It’s hard to see how the 10-year white paper vision can be realised in any significant way as long as the great majority of its 1.5 million paid workers earn wages at or just above the statutory minimum and have few prospects of building a career. This has to be a priority issue for 2022. But there must be help, too, for the most pressed unpaid carers who have performed heroics throughout the pandemic and whose reward in the white paper is a measly “up to £25m” to prompt a change in services that support them.
How, then, should the sector play its cards in the new year to sustain momentum on the reform agenda and disabuse politicians and the public of any assumption that the white paper is the last word on the matter?
Simon Bottery, senior fellow at the King’s Fund, has recently blogged thoughtfully for the Social Care Future pressure group on those tactics that have been heavily deployed, with mixed results, and others that might be tried. Arguments that could be characterised as moral/ethical, rights-based and “crisis!” have all failed to seal the deal, he argues, and there is little reason to believe that continued reliance on them will yield anything more than further drip-drip cash handouts.
More emphasis should be placed on playing to people’s self-interest, Bottery says, on social care spending as an investment in the population and the economy and on aligning the issue with broader policy goals. These could include wider workforce strategy, positive ageing and the levelling up agenda, for example, but there should be no policy to which the social care community should not consider hitching its wagon.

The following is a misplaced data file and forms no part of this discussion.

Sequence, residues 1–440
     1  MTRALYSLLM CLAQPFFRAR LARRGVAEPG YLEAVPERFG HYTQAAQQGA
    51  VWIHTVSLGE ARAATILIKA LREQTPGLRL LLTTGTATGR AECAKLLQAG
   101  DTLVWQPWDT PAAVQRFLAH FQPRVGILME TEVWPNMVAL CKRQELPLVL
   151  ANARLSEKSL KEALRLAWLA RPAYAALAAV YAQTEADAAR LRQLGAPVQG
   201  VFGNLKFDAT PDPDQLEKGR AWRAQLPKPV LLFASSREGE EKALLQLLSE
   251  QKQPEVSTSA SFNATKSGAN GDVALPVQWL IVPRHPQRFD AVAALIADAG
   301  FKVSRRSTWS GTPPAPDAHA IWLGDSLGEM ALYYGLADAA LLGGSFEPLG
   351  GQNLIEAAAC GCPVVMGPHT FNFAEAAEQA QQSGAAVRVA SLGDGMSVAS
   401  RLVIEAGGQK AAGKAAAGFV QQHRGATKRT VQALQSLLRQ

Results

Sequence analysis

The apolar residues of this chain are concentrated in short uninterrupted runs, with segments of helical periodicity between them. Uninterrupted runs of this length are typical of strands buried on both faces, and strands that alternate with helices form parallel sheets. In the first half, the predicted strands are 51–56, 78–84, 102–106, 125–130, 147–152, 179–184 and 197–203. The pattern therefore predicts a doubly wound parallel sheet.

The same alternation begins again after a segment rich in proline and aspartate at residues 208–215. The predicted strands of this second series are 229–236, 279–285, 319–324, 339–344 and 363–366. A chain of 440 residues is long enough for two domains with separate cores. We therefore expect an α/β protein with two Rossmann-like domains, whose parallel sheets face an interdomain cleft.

As Bottery concludes, tactics should be seen as complementary rather than mutually exclusive. And the sector must improve its evidence, its messaging and its discipline so that any selection of them needs not only to be crystal-clear on what tangible benefits would result from investment, but to leave our political leaders no wriggle-room to escape accountability for social care at national level.
One intriguing suggestion on accountability comes from the excellent Care 2030 report produced just ahead of the white paper by the Hallmark Foundation, mooting creation of an independent Office for Care and Ageing Well to monitor and report on unmet social care needs and changing demographics. That’s food for thought.
In the immediate term, though, there’s a clear imperative to inject some rigour into the white paper’s commendable but loose ambitions. Establishing a set of milestones would be an obvious way to focus minds and prevent drift. It’s going to be a long and tortuous journey of reform – and we’ll certainly need a good map.
David Brindle is a strategic adviser to Healthcomms Consulting and former public services editor of the Guardian